According to the SBA, the funding will be used to "cover the costs of educating women service members and veterans, as well as women military spouses who are interested in starting or currently own a small business."

If you're looking to help create a new batch of entrepreneurs in your local community as an eligible organization, you can submit your application through Grants.gov. Submissions must be received by Thursday, March 19 at 11:59 p.m. EDT. [Read related article: Top Small Business Grants of 2020]

As a small business owner, you can personally take charge in this area by hiring or mentoring veterans. By reaching out to local veteran affairs groups or VFWs, you're likely to reach a wide range of candidates with excellent work ethics and skills that could be a huge boon to your business and community.

It's hard to imagine running a businesses without some sort of online presence, but a newly released survey from Visual Objects suggests that many small businesses in the U.S. aren't yet online.

According to the data, released Tuesday, approximately 29% of the 500 small business owners polled said they plan to improve their operations by starting to use a website this year. It was the largest response to researchers' question of how the SMBs want to improve this year, with increased digital marketing (21%) and more focus on social media presence (20%) coming in second and third.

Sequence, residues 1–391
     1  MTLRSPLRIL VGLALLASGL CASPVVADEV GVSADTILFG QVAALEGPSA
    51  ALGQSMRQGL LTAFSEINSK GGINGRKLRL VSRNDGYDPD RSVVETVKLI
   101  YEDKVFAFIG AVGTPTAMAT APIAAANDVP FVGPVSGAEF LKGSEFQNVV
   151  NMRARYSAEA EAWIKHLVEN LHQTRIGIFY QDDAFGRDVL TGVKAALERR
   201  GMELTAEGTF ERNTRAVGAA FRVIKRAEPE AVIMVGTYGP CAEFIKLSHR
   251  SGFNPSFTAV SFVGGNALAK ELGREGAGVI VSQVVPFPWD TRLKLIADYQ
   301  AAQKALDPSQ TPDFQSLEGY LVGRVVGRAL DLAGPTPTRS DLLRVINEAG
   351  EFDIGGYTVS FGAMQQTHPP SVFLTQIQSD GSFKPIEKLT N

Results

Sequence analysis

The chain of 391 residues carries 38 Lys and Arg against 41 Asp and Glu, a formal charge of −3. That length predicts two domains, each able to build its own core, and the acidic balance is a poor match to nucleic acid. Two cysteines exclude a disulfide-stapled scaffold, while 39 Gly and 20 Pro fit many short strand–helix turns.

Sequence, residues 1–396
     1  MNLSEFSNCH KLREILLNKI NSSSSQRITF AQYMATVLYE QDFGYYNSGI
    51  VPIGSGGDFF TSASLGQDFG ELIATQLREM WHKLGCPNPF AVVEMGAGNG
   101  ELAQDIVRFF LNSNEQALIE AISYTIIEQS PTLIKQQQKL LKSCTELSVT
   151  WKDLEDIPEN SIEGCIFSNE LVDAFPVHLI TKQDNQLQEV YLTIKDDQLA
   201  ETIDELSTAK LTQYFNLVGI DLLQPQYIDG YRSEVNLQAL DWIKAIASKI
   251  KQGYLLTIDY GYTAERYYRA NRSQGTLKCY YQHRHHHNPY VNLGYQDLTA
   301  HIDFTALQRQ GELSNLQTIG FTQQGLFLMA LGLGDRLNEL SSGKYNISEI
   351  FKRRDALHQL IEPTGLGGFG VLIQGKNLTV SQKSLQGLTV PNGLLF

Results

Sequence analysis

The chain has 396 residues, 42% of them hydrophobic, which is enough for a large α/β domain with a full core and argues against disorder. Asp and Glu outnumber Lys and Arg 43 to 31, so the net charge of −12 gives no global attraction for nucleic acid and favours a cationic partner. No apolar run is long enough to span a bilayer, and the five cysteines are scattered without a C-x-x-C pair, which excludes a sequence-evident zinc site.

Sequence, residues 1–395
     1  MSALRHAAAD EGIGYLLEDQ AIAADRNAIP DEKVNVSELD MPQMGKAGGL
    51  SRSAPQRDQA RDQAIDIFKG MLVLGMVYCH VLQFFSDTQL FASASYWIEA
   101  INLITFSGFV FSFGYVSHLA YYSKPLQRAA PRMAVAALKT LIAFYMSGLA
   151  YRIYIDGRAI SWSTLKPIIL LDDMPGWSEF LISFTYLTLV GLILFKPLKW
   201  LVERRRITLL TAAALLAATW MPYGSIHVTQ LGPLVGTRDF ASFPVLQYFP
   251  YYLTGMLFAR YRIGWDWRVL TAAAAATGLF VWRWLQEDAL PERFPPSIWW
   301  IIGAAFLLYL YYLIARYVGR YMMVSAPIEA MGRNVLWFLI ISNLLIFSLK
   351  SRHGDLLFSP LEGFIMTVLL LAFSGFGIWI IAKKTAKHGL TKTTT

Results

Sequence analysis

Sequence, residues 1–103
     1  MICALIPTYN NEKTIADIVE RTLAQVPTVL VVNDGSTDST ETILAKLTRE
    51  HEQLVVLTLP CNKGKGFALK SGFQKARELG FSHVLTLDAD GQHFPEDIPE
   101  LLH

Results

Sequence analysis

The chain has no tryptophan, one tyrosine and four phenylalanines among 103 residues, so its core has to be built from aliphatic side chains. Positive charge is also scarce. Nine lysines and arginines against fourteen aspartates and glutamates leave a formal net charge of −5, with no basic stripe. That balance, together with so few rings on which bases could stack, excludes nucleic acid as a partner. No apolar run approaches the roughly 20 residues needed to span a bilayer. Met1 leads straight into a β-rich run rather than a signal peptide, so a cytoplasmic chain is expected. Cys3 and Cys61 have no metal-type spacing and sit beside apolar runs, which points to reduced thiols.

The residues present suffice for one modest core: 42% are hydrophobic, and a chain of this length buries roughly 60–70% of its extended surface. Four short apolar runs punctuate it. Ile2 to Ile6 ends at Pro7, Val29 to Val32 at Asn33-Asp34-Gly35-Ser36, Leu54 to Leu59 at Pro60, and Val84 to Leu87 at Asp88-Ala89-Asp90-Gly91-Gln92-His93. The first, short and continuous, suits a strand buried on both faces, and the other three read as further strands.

In addition to the nearly 30% of respondents who said they needed to begin using a website this year, another 29% said they plan to improve their existing sites. Items like webpage speed, better SEO and clearer calls to action on webpages were cited as main areas of improvement that SMB owners hoped to make, with the goal of seeing better customer responses.

"Your website should be your No. 1 salesperson, 365 days a year, 24/7," said Lauren Williams, founder of Harmony HR Experts. "Even if your business is providing a service, you must have a way to sell it on the internet."

In recent years, other technologies like augmented and virtual reality have seen a rise in importance for small businesses, but just 7% of survey respondents said they plan to use such emergent tech in a larger capacity, while 8% said they plan to use it less. Just 21% of respondents said they're going to use SEO more in 2020, with only 5% saying SEO was a successful tactic for them last year.

As a small business owner, you need to pay attention to the technological side of your business. Having an online presence is incredibly important in this highly connected world, so businesses that want to grow should regularly take stock of how they are perceived online and make adjustments as needed.

Andrew Martins

I am a former newspaper journalist who has transitioned to strictly cover the business world for business.com and Business News Daily. I am a four-time New Jersey Press Award winner and prior to joining my current team, I was the editor of six weekly newspapers that covered multiple counties in the state.